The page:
Monthly Variation and Influence of Habitat and River Stage on Electrofishing Catch Rates and Population Indices of Flathead Catfish from the Lower Missouri River
Vincent H. Travnichek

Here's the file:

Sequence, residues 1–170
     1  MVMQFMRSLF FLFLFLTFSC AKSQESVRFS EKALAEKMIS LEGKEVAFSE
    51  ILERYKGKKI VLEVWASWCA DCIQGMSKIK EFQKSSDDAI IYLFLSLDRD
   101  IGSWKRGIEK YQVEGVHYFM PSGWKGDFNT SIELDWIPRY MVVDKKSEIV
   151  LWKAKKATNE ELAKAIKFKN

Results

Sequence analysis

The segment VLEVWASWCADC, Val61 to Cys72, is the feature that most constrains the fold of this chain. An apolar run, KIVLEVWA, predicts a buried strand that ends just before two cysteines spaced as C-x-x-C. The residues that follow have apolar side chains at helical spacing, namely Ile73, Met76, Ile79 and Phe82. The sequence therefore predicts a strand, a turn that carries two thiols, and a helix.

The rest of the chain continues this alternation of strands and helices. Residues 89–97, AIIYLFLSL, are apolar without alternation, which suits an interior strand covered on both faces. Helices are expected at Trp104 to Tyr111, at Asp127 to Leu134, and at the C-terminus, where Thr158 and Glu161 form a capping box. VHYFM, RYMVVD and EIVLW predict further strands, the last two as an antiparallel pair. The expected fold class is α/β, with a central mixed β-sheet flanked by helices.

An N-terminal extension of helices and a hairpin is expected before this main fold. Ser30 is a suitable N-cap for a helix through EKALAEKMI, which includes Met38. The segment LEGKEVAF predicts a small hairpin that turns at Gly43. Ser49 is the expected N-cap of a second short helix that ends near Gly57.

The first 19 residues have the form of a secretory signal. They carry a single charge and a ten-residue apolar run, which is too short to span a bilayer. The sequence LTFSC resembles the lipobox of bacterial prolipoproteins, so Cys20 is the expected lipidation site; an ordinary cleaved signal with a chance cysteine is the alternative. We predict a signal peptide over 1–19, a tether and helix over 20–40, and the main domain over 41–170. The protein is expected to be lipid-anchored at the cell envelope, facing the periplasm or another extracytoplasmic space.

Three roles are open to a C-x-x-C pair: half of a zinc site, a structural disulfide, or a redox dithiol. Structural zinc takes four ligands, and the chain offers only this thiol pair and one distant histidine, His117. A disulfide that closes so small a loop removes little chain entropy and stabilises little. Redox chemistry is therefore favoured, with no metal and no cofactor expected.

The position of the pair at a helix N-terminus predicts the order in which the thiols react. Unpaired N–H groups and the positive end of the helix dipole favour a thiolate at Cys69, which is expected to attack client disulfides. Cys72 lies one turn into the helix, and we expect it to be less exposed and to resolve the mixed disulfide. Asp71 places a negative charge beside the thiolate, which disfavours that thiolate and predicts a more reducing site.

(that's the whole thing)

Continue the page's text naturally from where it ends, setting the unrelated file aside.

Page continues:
Abstract.—Monthly (May–September; 2001–2003) sampling with pulsed DC electrofishing was conducted within five habitat types to determine how sampling month, habitat type, and river stage affect catch rates, observed size structure, and population indices (i.e., proportional size distributions [PSD]) of flathead catfish Pylodictis olivaris from the lower Missouri River. Flathead catfish collected from creek mouths had the largest mean length (320 mm) while trail dike habitats produced the smallest mean length (206 mm). Flathead catfish PSD was lowest from revetted bank (13%) habitat compared with that observed from creek mouth (41%) and wing dike (43%) habitats. Catch rates of flathead catfish were consistently higher from habitats associated with riprap rock (revetted banks, trail dikes, and wing dikes) compared with the creek mouth or mud bank habitats. Mean length of flathead catfish was highest during May collections (267 mm) while the months of July (214 mm) and August (216 mm) had the lowest average length. Similar trends were observed with proportional size distributions with the highest values observed in May and the lowest in July and August. Variations in flathead catfish catch statistics and population demographics were observed among months and habitats from the lower Missouri River. However, river stage was likely as important, if not more, than either month or habitat. There was an inverse relationship (r2 = 0.494; P = 0.001) between river stage and catch rate of flathead catfish, and higher river stage was generally associated with higher average lengths of flathead catfish (r2 = 0.305; P = 0.001). Catch rates of flathead catfish were highest in September from all habitat types, and coefficient of variation in catch rates was the lowest during September. Thus, it is suggested that standardized sampling occur in September to maximize catch rates and minimize variation in catch rates while also collecting enough fish ≥710 mm to have some confidence in assessing this portion of the flathead catfish population. River stage is also generally more stable and at lower levels during this month. Additionally, having a standardized approach to selecting habitats sampled will allow agencies to begin collecting better information on flathead catfish populations.